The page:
This is the story of our inspiring boy, Cooper. Despite battling a rare neurological disease resulting in profound motor and speech delays, he continues to rise to the many challenges thrown at him - all with a gorgeous and infectious smile. He is a true crusader - nothing is going to keep him down!
Cooper was a happy baby and in the first six months of his life, his only fear was being smothered by kisses and hugs from his big brother, Harrison. It was love at first sight for Harrison, who just wanted to hold and touch and wake his brother all day long. Just 19 months between them, they became best friends straight away.
the start of something not quite right
Just before eight months of age, Cooper had just about mastered the art of sitting. But one day he lost his ability to sit. For no apparent reason, he became irritable and started suffering high temperatures. He developed a tremor in his foot and spasticity crept into one side of his legs and eventually into all four limbs.
At 11 months, Cooper's MRI showed slightly delayed myelination. Further testing showed raised neopterin levels in Cerebral Spinal Fluid (CSF) indicating a Central Nervous Systtem (CNS) low-level condition. We were then referred to a new neurologist at Westmead Children's Hospital in Sydney, Australia.
Dr Russell Dale initially treated him with a high dose of steroids for a potentially acquired autoimmune infection. This gave him a lift in skills which he'd lost in the past eight months, but they regressed again when we weaned him from the medication. We also tried IVIG for three months with minor change.
Dr Dale then suggested Aicardi-Goutieres Syndrome as a possibility, although Cooper did not have calcifications on the brain (as is often associated with the condition) and his cognition was good. But he did have high levels of interferon and neopterin in his CSF. He decided to test gene #7 specifically by sending his samples to the UK for testing by one of the world-leading researchers into the disease, Dr Yannick Crow. He found a variation in his IF1H gene straight away. The diagnosis came 14 months after his symptoms began. AGS is a degenerative disease so it wasn't good news. To say we were devastated was an understatement.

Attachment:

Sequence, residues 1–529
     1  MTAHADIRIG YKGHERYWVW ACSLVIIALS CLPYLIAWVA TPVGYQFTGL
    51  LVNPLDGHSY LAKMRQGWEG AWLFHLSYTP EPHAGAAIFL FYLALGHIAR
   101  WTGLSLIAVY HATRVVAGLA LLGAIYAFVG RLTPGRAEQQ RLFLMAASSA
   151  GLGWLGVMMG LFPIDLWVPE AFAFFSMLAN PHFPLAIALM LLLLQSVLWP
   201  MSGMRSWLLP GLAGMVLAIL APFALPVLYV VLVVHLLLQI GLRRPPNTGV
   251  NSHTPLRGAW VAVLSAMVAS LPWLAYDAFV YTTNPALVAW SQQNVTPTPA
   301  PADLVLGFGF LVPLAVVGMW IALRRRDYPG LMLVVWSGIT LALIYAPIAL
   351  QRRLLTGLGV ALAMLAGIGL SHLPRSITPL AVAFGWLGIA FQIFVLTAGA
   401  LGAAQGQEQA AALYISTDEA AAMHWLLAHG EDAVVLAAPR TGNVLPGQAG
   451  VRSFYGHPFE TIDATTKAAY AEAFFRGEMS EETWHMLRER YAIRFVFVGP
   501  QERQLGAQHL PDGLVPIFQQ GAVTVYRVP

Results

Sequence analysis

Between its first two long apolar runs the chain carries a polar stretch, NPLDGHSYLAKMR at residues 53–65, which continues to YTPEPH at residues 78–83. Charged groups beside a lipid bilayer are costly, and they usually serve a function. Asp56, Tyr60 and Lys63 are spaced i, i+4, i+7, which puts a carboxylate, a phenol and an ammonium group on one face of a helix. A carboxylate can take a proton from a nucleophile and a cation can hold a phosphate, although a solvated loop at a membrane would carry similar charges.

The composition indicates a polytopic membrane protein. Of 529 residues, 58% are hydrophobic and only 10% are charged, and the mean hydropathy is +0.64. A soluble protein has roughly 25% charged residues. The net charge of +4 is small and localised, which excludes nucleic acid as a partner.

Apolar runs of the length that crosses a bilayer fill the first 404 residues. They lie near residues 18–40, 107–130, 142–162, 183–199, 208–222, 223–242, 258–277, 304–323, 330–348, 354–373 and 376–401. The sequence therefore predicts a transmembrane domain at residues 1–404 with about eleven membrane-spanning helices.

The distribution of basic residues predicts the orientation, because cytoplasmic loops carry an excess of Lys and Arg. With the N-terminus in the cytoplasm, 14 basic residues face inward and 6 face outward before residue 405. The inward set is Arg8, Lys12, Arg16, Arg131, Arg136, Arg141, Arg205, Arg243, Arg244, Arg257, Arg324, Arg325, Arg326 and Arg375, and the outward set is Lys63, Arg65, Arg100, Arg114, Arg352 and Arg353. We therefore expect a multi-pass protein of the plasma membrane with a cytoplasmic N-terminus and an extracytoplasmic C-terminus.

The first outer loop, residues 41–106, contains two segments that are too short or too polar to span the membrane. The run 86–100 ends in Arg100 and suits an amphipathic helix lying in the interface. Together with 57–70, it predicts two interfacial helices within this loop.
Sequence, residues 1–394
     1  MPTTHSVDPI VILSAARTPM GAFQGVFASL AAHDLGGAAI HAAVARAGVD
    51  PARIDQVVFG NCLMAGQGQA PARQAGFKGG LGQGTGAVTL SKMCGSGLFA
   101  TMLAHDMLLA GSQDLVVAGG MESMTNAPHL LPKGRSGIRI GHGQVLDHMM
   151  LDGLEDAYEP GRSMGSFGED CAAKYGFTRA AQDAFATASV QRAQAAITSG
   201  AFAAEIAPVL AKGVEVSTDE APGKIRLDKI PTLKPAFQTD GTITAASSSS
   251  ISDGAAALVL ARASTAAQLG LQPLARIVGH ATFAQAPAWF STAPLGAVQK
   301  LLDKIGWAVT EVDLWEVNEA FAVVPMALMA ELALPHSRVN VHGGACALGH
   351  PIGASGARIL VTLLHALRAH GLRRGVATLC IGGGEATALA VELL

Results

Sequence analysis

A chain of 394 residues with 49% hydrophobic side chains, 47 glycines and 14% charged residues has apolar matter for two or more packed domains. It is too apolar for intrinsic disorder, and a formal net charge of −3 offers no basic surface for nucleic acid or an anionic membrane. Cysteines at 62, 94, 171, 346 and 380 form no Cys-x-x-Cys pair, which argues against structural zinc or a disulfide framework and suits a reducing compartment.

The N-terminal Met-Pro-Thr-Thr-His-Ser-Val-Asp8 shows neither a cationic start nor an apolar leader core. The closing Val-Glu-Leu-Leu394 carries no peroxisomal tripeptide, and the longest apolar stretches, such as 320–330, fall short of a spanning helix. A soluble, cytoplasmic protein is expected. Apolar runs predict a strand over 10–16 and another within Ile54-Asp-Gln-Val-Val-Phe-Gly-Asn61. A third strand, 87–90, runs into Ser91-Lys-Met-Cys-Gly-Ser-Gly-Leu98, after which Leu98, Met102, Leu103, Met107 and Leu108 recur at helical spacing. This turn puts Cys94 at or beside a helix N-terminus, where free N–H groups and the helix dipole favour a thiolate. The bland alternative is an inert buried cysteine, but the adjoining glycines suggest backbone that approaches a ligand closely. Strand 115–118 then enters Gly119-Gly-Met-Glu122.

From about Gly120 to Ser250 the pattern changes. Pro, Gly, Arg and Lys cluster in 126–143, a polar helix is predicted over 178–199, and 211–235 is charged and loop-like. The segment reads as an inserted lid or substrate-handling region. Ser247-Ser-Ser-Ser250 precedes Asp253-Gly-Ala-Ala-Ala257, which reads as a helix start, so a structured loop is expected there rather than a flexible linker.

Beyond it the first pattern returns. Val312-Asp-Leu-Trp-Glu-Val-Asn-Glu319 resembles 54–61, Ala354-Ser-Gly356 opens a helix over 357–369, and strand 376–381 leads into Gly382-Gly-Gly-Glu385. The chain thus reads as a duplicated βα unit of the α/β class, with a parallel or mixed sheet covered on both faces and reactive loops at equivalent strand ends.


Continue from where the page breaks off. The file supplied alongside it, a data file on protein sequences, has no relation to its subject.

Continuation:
With no treatment for such a rare disease, Cooper was faced with limited options for managing his condition.
A stab in the dark
We decided to try a trial medication, knowing it had not been tested widely and therefore side effects and impacts were unknown. Ruxolitinib is a JAK inhibitor which has been used against some forms of cancer and for adults with rheumatoid arthritis.
But we were the first kid at Westmead Children’s Hospital to try it. When the pharmacist Sophie first gave it to us, it came with a long list of instructions: dissolve the tablet in a syringe wearing gloves, don’t touch the tablet, dispose of the syringe in a sharps bin, if it spills wipe it and throw the paper in the sharps bin too.
unknown side effects
Why? Because not enough is known about its long-term effects. I burst into tears at the thought of putting this unknown substance into my two-year-old baby.
But we had no option – other than to watch him continue to deteriorate. I’m not a risk taker, but this is without a doubt the biggest stab in the dark I’ve ever agreed to.
Amazingly, it quickly lowered the neopterin levels in his CSF – in fact it nearly quartered them. It has not lowered interferon levels, but as time has gone on (it is now 12 months since he started it), we have seen great clinical improvement.
Since then, Cooper has not had high temperatures; he is happy; and he is progressing with skills. Spasticity has decreased a little in some limbs, and his latest MRI shows myelination has improved a little, with no atrophy.
one day at a time
For how long we don’t know. But it’s ok because we’ve learnt to live one day at a time and fully embrace and love that day, not worrying about what is going to happen tomorrow. If today Cooper was happy and smiling (and this is the one constant you can be assured of with this beautiful soul), then we’re all happy. Tomorrow’s problems can wait till then.
Now four years old, Cooper has the opportunity to put in a lot of hard work in physical and speech therapy and to relish in everything he conquers. He is a champion crusader against an unrelenting challenger, but he tackles the challenge head on every day – with a gorgeous smile to boot.